Have you been to Kanha or any other forests in India? What fascinating stories have you discovered about life in the wild?

Kanha earth lodge, Pugdundee Safaris

Settling in for dinner with our naturalists, at Kanha Earth Lodge.


Note: My trip to Kanha was made possible by Pugdundee Safaris and Kanha Earth Lodge. Opinions are always my own.


Join The Shooting Star on FacebookTwitter and Instagram for more travel stories from around the world.

Any contributions to my travel fund (in kind or otherwise) will be highly appreciated!



Tales From a Kumaoni Village

Travel Tales From Spiti: Kaza’s Garden Lady

Khajuraho: Love in The Time of Chandelas

*** ***

Get my latest blog post in your inbox!

Join 20,889 other subscribers

Shivya Nath

I quit my full-time job in 2011 with a dream of travelling the world. I gave up my home, sold most of my possessions and embraced a digital nomad life. I'm passionate about going off the beaten path, solo travel, sustainable travel and veganism. I'd love to connect with you!


  1. I wonder: if the safari jeeps and other vehicles stopped “zooming” and instead ambled along at a calmer pace, might more civets and other animals make it across the road?

  2. hey, nice one shivya, I am not able to zoom in the 1st pic of ur blog….is it a owl sitting on the tree ??

  3. soniavermas says

    Those owlets are famous in Kanha. Our guide told us there were 7 before… but wen we visited in May, there were only 4.. I ve visited Tadoba before recently 🙂

    • We were able to see only 2, but apparently they’re a different family from the 7. Hope they grow in numbers too!

  4. Jim Smith says

    Never been to India yet, but you will be the first or second to know lol. But wild life stories I can share in abundance having grown up in the country in Australia. Be it from domesticated or wild life. I think the most interesting one though, was the struggle between my cat Rambo (read giant tiger in a large muscular house cat body) and a very poisonous black snake.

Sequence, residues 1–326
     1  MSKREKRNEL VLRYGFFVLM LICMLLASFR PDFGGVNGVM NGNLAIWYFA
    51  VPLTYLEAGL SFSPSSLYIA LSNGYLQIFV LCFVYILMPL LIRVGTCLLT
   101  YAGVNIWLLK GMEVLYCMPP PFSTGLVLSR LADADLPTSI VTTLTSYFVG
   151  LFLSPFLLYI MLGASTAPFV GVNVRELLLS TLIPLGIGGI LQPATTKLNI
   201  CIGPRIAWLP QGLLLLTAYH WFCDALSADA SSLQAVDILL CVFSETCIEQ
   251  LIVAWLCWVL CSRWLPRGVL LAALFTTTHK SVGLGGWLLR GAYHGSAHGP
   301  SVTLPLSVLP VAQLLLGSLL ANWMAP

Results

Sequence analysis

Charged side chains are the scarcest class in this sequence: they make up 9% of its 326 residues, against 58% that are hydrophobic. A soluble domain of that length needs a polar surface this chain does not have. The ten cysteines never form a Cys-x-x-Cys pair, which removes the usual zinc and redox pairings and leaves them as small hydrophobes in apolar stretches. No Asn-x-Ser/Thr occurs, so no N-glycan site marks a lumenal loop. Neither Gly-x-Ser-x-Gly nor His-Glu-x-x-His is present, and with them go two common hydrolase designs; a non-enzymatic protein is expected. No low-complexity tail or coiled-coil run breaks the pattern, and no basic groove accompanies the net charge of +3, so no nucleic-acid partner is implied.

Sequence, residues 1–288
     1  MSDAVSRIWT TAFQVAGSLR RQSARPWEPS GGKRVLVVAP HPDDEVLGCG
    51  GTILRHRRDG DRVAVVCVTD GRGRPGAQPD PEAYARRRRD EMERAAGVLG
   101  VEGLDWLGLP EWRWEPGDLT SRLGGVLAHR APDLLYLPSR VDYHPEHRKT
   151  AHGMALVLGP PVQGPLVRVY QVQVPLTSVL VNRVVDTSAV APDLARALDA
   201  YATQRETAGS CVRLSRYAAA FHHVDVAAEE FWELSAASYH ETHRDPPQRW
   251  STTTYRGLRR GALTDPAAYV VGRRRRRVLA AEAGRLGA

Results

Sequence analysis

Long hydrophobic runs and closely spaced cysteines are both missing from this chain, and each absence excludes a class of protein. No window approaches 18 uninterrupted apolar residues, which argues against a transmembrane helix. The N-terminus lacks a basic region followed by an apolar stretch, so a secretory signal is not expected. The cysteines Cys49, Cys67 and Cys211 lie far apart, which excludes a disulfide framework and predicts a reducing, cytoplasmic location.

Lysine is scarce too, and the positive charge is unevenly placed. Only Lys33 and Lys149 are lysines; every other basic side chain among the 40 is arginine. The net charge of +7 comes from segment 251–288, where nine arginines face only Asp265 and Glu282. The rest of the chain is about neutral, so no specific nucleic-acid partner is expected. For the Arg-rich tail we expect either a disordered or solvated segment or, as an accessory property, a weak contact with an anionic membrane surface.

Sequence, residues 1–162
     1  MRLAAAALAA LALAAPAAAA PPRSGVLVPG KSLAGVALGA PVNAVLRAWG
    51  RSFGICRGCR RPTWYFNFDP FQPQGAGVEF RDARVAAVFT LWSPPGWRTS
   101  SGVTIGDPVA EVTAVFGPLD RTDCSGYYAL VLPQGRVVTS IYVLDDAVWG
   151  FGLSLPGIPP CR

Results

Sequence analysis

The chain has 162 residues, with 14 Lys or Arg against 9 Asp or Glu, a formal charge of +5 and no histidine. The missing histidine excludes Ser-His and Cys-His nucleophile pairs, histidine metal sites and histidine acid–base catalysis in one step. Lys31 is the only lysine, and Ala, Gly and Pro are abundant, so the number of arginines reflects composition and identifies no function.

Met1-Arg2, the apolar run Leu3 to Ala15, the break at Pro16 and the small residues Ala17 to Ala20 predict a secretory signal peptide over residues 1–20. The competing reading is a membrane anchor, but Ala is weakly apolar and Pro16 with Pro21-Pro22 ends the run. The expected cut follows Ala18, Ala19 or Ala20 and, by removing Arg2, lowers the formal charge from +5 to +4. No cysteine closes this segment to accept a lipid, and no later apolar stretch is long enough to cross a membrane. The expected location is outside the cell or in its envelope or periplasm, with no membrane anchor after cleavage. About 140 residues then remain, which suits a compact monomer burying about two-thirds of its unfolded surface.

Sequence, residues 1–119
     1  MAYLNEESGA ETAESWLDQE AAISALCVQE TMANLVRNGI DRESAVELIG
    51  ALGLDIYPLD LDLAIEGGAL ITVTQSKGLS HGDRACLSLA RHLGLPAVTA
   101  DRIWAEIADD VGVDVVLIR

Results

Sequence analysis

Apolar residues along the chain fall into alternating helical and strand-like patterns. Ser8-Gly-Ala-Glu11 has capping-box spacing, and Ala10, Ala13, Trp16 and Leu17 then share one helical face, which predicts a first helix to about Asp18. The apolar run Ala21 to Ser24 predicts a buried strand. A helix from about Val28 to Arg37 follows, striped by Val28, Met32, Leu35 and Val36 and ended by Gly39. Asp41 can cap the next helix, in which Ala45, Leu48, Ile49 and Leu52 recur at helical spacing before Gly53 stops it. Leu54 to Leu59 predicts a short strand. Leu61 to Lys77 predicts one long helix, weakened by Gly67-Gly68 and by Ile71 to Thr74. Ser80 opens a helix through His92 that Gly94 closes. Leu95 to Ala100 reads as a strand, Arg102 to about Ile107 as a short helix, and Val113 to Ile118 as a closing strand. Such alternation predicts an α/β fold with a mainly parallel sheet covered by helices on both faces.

Let’s just say that even though the snake got a bite on him, it was Rambo, and not the black snake that lived another almost 10 years on after that encounter. Remind me one day when we meet up for a tour, to tell you some stories about breeding horses :-$

    Great article there young lady. I am proud of and inspired by you on a daily basis.


    • Whoa, that’s a fight I wouldn’t have wanted to witness! Looking forward to your stories on breeding horses. Come soon.

  5. Sukoon says

    Nice Post!! I’m planning to visit Kanha next week. Would appreciate if you could provide some useful tips for lodging and boarding. Thanks!

    • That’s awesome. Stay at Kanha Earth Lodge, it’s eco-friendly and luxurious, with two very knowledgable naturalists. I’m sure you’ll love it! Say hi to Chinmay from me if you do stay there 🙂

  6. Pingback: Call of The Wild: Tadoba Tiger Reserve! | The Shooting Star

  7. Did Kanha and Pench recently..this was our first time inside Indian jungles..missed tigers in both places but thoroughly enjoyed the ambience of jungles..truly amazing and we want more 🙂

  8. Pingback: Wandering in the Wild with Taj Safaris. | The Shooting Star

  9. Rajeev says

    Hi Shivya,

    I would like to go on few days vacation during june this year with my family.Place should be in Madhya Pradesh having natural beauty and wildlife.Also a treat in summers.

    Please suggest.


  10. Abhishek Dayama says

    Very well articulated post. I am planning to send my parents on a holiday to kanha. do you have any idea about some good places to live there? how about Banjar Tola ?Do you have any idea about the same?

Liked this post? Have some thoughts about it? I'd love to hear you.

This site uses Akismet to reduce spam. Learn how your comment data is processed.